* Conditions were said to be "extremely unsafe"

* About a dozen fires burning across Idaho

By Laura Zuckerman

SALMON, Idaho, Aug 21 (Reuters) - A young U.S. Forest Service firefighter killed this month in Idaho lost her life battling a blaze that an elite "Hotshots" squad had retreated from the day before, warning that conditions were too dangerous, a report from the crew revealed.

A falling tree in the so-called Steep Corner Fire of north-central Idaho killed 20-year-old Anne Veseth on Aug. 12 in her second season as a government firefighter.

A day earlier, the Montana-based Flathead Hotshots, a team of highly trained Forest Service firefighters, had walked off the blaze amid conditions they described as "extremely unsafe" in a report posted on SAFENET, a Forest Service website that allows fire crews to report safety concerns anonymously.

The report cited widespread hazards such as the toppling of dead or dying trees, or snags, as well as helicopters dumping water on personnel manning the fire line and crews stationed below a fire that was burning downhill on a steep mountainside.

The team said it had "huge concerns about the number of snags burning, the size of them and the amount that had already come down" in a blaze battled in part by makeshift crews, including Idaho prison inmates, under the direction of the Clearwater-Potlatch Timber Protective Association.

The private non-profit organization is chartered by the Idaho Department of Lands to fight fires on private lands, often controlled by logging companies, interspersed with state parcels in northern Idaho.

The Hotshots, who generally work in teams of 20, also complained of poor management of a fire that had burned about 40 acres (17 hectares) at that point, and they reported the only objective appeared to be to dig a fire line by hand.

"No one had an eye on the big picture or seemed to be in control or in charge," they said in the report.

They told a separate U.S. Forest Service crew that "what is going on here is extremely unsafe" before informing the association's incident commander that certain standards and protocols needed to be followed.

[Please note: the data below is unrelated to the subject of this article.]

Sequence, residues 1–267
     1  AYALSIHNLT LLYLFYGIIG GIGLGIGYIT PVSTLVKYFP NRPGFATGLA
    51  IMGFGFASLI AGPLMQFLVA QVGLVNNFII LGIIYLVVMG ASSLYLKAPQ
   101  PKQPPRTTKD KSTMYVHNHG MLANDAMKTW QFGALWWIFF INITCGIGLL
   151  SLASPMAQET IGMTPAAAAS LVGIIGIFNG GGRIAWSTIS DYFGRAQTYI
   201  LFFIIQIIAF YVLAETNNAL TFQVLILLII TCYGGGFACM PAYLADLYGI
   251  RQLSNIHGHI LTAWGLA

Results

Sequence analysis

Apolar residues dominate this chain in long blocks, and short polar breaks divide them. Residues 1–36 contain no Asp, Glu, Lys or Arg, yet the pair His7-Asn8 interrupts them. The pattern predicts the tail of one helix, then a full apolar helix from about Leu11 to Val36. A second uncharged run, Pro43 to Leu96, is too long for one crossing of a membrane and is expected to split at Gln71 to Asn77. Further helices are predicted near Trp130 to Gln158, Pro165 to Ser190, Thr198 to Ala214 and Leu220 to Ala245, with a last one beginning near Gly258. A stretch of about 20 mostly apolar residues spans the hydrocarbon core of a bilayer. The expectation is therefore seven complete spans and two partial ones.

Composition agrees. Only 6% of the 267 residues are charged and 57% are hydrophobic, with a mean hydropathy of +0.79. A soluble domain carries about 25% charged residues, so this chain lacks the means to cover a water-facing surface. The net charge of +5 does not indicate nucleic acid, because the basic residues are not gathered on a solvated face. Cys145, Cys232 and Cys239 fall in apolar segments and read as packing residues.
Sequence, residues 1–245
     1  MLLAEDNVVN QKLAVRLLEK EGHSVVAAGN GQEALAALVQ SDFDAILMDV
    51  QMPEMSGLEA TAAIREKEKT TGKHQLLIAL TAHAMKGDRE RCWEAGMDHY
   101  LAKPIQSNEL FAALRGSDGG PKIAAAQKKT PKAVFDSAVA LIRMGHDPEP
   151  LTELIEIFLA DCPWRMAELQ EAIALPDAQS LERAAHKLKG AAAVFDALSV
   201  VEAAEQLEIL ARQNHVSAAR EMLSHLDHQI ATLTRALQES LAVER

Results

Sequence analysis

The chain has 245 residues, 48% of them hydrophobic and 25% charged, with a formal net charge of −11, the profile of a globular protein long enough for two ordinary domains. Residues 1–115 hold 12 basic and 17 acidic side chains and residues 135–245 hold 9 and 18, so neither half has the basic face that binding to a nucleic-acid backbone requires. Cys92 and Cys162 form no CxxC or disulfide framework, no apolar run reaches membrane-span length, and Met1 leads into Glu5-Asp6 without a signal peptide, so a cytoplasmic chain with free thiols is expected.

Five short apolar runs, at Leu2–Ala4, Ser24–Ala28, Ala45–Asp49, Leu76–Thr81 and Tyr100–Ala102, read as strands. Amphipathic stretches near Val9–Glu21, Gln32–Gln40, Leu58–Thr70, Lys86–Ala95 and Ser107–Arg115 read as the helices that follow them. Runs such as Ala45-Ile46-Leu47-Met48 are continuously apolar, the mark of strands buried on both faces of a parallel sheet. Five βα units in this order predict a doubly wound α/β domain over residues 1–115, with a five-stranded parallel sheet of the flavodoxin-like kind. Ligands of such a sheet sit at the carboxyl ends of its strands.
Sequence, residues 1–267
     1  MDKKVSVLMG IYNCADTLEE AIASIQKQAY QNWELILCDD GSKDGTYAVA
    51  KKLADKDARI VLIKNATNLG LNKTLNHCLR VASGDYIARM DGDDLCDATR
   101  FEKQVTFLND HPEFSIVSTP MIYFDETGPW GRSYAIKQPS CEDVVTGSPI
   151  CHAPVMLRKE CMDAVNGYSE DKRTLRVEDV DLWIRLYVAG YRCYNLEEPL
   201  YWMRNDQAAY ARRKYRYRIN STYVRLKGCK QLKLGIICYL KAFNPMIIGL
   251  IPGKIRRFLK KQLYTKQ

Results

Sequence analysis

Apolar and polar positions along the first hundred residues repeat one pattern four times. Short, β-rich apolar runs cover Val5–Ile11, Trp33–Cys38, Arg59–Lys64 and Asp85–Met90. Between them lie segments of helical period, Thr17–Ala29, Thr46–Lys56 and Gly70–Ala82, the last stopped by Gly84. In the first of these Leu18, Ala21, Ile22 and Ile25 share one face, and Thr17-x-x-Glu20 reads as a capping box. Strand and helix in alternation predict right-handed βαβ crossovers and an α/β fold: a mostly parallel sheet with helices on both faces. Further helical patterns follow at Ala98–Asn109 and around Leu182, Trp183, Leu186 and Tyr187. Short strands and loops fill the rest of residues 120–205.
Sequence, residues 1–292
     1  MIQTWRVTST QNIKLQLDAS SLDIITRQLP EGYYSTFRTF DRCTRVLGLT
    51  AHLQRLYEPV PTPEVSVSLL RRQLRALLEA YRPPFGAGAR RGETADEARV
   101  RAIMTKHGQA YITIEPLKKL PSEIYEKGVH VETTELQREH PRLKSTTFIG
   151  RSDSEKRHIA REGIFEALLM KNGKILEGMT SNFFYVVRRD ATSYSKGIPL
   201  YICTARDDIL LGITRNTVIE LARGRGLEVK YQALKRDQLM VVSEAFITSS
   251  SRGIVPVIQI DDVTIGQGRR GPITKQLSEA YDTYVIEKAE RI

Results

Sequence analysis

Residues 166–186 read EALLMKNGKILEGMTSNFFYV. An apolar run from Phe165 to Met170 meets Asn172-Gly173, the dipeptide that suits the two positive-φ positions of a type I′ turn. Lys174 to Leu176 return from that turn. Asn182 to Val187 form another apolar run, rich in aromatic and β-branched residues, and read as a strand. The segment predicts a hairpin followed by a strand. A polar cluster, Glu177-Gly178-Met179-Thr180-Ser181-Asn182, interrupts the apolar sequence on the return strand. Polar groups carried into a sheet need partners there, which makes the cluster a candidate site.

"He said he would just have to send us home then. We said that was fine," according to the report.

Before walking off the fire, the Hotshots read a list of safety concerns and methods for mitigating them to the incident commander. It was not clear if the timber association implemented any of the recommendations in the report, which the Forest Service confirmed was compiled by the Flathead Hotshots.

A probe into Veseth's death is under way by the Forest Service, which declined to comment on the matter. Cameron Eck, fire and program manager for the timber association, also declined to comment, but said firefighter safety was a priority.

The Steep Corner fire, which as of Tuesday had burned about 350 acres (140 hectares), ranks as one of the smaller of about a dozen blazing across Idaho this week, some consuming tens of thousands of acres and threatening thousands of homes.

Veseth's death brought to 12 the number of wild-land firefighters killed this year in the United States, according to the National Wildfire Coordinating Group. (Editing by Steve Gorman, Cynthia Johnston and Peter Cooney)

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